ASTM-E262 › Historical Revision Information
Standard Method for Determining Thermal Neutron Reaction and Fluence Rates by Radioactivation Techniques
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1.1 The purpose of this method is to define a general procedure for determining an unknown thermal neutron-fluence rate by neutron activation techniques. It is not practicable to describe completely a technique applicable to the large number of experimental situations that require the measurement of a thermal-neutron fluence rate. Therefore, this method is presented so that the user may adapt to his particular situation the fundamental procedures of the following techniques.
1.1.1 Absolute counting technique using pure cobalt, pure gold, or cobalt-aluminum or gold-aluminum alloy.
1.1.2 Standard foil technique using pure gold, or gold-aluminum alloy, and
1.1.3 Secondary standard foil techniques using pure indium, indium-aluminum alloy, and dysprosium-aluminum alloy.
1.2 The techniques presented are limited to measurements at room temperatures. However, special problems when making thermal-neutron fluence rate measurements in high-temperature environments are discussed in . For those circumstances where the use of cadmium as a thermal shield is undesirable because of potential spectrum perturbations or of temperatures above the melting point of cadmium, the method described in Test Method E 481 can be used in some cases. Alternatively, gadolinium filters may be used instead of cadmium. For high temperature applications in which aluminum alloys are unsuitable, other alloys such as cobalt-nickel or cobalt-vanadium have been used.
1.3 indicates the useful neutron-fluence ranges for each detector material.
1.4 This standard does not purport to address all of the safety concerns, if any, associated with its use. It is the responsibility of the user of this standard to establish appropriate safety and health practices and determine the applicability of regulatory limitations prior to use.
Significance and Use
This method can be extended to use any material that has the necessary nuclear and activation properties that suit the experimenter’particular situation. No attempt has been made to fully describe the myriad problems of absolute counting techniques, neutron-fluence depression, and thick-foil self-shielding. It is assumed that the experimenter will refer to existing literature on these subjects. This method does offer a referee method (the standard gold foil irradiation at National Institute of Standards and Technology (NIST) to aid the experimenter when he is in doubt of his ability to measure an absolute thermal fluence rate.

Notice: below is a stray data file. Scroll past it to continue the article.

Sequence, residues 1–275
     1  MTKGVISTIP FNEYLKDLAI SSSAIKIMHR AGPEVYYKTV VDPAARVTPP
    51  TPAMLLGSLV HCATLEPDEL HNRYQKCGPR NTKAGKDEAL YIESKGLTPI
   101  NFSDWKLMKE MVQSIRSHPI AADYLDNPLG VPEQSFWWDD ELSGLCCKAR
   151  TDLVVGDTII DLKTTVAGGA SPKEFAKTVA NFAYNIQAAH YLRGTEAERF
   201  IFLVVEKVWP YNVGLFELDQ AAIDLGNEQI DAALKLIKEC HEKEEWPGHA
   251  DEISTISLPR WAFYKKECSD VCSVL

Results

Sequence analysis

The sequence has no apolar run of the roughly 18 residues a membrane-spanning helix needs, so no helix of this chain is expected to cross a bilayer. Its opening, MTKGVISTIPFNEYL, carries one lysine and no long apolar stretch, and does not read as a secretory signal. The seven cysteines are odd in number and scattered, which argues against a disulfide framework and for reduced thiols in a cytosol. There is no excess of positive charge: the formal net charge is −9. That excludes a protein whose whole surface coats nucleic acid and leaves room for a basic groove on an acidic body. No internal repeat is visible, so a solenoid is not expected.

The standard foil technique uses a set of foils that are as nearly identical as possible in shape and mass. The foils are fabricated from any material that activates by an (n, γ) reaction, preferably having a cross section approximately inversely proportional to neutron speed in the thermal energy range. Some of the foils are irradiated in a known neutron field (at NIST) or other standards laboratory). The foils are counted in a fixed geometry on a stable radiation-detecting instrument. The neutron induced reaction rate of the foils is computed from the counting data, and the ratio of the known neutron fluence rate to the computed reaction rate is determined. For any given foil, neutron energy spectrum, and counting set-up, this ratio is a constant. Other foils from the identical set can now be exposed to an unknown neutron field. The magnitude of the fluence rate in the unknown field can be obtained by comparing the reaction rates as determined from the counting data from the unknown and reference field, with proper corrections to account for spectral differences between the two fields (see Section 4). One important feature of this technique is that it eliminates the need for absolute counting.
cobalt; dysprosium-aluminum; alloy; spectrum; environments; temperature; ICS Number Code 17.240 (Radiation measurements); 27.120.30 (Fissile materials and nuclear fuel technology)
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Feb. 10, 2003